“Me? Oh, er.” Ron rubbed his head and felt himself growing warm. “Well, yeah. I helped. My job was to protect him from curses, hexes and jinxes.” He winked. “Y’know, like a bodyguard.” He knew he had been a big part of Harry’s success in finding the Horcruxes and defeating Voldemort, but it was just a little embarrassing that the biggest contribution had been an accidental trip over an oak tree root that sent Harry flying out of the way of a then-undetected green bolt, maybe an Avada Kedavra.


“Is that how you got your scar?” Annie pointed to the dark slash of flesh that her father was rubbing.


“Annie,” said Ron, “it’s not nice to point, pumpkin. But, yes.”


“Sorry, Daddy.”


“When I get to Hogwarts,” said Eddie, ploughing on, “I want to take Defence Against the Dark Arts from Uncle Harry!”


“Well, tuh, Edward.” Annie shook her head. “You can’t take it from Uncle Harry. He’s not the Defence Against the Dark Arts professor.”


“He should be,” said Eddie.


“Well, he’s not. He works with Daddy, in the same office. Isn’t that right, Daddy?”


“Uncle Harry and I do share an office,” said Ron. “But, you two have another four years before you’re to go to Hogwarts, so who knows, anything could happen.”


Eddie promptly stuck his tongue out at his sister. “See?”


She pushed him. “Daddy!”


“Eddie, no sticking your tongue out at people—”


“But she pushed me,” Eddie whinged.


“—and no shoving, Annie!”


Both settled down a little and Ron decided to let Eddie’s continued frown slide—at least he wasn’t hitting her. His son was going to have to learn how to treat his sister nicely and it was bewildering how the kids were as frustrating as they were heart-warming.


“Tell us again about you and Uncle Harry playing Quidditch!” She peered at her father. “I want to hear about Uncle Harry at Quidditch. Tell us how he won the House Cup for Gryffindor!” Annie was the one who always wanted to go to Chudley matches, read Martin Miggs comic books, and laze around the sky on a broom with her father.


“Who cares?” Eddie was always the one who enjoyed reading longer books with his Mum, although he didn’t mind Quidditch, he just didn’t enjoy it as much as his sister did.


“I care!” she answered with a slap to her brother’s shoulder. “Quidditch is the bestest game ever!”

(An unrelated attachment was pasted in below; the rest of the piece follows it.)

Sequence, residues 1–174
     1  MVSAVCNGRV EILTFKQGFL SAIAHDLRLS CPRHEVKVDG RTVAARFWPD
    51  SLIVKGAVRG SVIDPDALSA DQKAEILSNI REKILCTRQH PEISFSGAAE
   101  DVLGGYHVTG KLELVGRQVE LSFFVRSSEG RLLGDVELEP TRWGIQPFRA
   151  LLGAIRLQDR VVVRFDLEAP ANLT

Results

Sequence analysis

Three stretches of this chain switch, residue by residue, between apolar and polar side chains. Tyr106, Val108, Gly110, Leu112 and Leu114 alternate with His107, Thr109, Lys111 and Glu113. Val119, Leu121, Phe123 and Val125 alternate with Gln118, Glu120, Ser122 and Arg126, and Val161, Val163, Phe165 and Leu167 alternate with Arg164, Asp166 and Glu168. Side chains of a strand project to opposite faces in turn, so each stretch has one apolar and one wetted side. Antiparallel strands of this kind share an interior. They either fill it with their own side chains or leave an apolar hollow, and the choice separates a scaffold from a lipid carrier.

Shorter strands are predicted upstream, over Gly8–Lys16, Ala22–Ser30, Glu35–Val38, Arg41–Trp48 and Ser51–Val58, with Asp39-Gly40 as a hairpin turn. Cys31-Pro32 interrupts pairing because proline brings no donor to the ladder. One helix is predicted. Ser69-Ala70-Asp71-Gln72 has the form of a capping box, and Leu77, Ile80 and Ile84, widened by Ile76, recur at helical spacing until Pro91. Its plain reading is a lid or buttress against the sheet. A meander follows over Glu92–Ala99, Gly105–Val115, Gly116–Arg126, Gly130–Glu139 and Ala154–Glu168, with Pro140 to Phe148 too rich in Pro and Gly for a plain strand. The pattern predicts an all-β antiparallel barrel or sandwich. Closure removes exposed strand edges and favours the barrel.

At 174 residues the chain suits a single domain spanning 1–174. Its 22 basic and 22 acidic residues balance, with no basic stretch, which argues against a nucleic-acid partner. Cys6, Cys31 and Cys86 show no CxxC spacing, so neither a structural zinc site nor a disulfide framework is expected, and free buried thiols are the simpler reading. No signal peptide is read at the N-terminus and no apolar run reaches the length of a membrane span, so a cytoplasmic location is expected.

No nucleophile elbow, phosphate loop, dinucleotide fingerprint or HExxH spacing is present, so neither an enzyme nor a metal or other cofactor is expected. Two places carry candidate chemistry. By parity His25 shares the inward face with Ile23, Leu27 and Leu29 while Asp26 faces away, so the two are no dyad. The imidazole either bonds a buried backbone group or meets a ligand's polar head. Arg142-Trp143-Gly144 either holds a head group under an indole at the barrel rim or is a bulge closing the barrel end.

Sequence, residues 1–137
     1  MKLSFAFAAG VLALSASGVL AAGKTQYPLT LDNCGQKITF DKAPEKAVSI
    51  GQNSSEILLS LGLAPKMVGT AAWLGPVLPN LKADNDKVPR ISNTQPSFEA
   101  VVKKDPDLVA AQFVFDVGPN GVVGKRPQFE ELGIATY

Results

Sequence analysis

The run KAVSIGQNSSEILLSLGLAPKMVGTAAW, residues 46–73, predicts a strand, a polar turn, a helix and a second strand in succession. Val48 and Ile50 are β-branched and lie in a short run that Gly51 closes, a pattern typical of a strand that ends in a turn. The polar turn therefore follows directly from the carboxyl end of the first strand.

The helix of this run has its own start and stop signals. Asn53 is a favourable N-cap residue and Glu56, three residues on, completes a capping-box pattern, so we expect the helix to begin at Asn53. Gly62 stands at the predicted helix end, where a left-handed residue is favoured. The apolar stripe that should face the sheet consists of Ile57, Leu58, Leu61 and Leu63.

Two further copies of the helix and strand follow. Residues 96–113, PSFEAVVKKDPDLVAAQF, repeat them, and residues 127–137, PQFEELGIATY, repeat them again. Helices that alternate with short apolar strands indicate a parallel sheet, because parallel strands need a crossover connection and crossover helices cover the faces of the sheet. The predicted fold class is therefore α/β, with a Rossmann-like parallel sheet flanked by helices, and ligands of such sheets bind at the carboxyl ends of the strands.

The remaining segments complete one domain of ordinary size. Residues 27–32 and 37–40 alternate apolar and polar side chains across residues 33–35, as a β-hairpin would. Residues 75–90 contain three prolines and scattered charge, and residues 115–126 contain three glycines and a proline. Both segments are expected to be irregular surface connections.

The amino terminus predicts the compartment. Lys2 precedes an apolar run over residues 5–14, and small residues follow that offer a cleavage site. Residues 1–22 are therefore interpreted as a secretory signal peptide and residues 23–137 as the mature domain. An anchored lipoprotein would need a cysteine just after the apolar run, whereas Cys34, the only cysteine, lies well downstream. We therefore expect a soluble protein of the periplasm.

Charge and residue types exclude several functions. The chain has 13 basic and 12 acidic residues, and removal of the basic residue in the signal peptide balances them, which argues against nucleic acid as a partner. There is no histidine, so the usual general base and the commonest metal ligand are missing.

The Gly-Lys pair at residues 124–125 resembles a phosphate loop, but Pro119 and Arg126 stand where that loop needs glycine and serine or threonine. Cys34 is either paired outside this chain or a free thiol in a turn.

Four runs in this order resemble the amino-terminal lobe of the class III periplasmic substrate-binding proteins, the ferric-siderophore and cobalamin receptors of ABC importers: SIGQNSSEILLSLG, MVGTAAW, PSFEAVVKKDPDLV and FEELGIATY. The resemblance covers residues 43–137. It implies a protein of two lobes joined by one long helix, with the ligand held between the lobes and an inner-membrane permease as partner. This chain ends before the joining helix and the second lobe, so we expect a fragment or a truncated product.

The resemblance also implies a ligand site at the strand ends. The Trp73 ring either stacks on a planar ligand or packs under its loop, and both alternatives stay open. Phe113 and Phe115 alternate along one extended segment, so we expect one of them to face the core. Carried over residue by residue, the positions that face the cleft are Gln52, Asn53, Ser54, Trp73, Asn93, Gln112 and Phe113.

“Right you are, pumpkin[A1] . And yes, Uncle Harry and I won the House cup several times.” Ron smiled at his children sitting before him as he recalled the thrill and pride from the glory days of Gryffindor Quidditch. With a little of that pride filling him now, he said, “Uncle Harry was one of the best Seekers I ever knew. He could’ve played professionally if he wanted.”


“So does Uncle Harry have a famous wizard card?” Annie tilted her head.


“I’m sure he does.” Ron wondered when, or if, he and Hermione would be featured on a famous wizard card as well. They should be more than qualified, having been Harry’s partners in the Quest-to-Defeat-Voldemort.


“Then I want to find one,” she stated. “For my collection.”


“Well, you know,” said Ron, “don’t be disappointed if you don’t find him right off. It’s been over twenty years and I still haven’t found the one card I need to finish the whole set.”


“Which one?” she asked.




Her face scrunched up in confusion. “How come?”


“Because Agrippa is very hard to find. It’s the rarest card in the whole set!”


“Well, I’m going to find an Uncle Harry Potter card,” Annie said with a defiant tilt of her chin.


“I know you’ll try, pumpkin,” said Ron with the desire to both gently encourage Annie and not get her hopes up. It would not do for her to be disappointed. “But what if you get an Agrippa instead?”


“Well.” She put her finger on her lips. “If I find one, I’ll give it to you, Daddy. And you can give me an Uncle Harry Potter card if you find one.”


“I know!” Eddie cried. “Let’s go visit Uncle Harry today!”


“Can we?” cried his twin. “Please?”


Ron stretched his lips into a grin. “Not right now, kids. I think we’ll have dinner first.”


“Awwwwww!” they chorused.



 [A1]I always thought that you needed to set apart the subject you are addressing by a comma.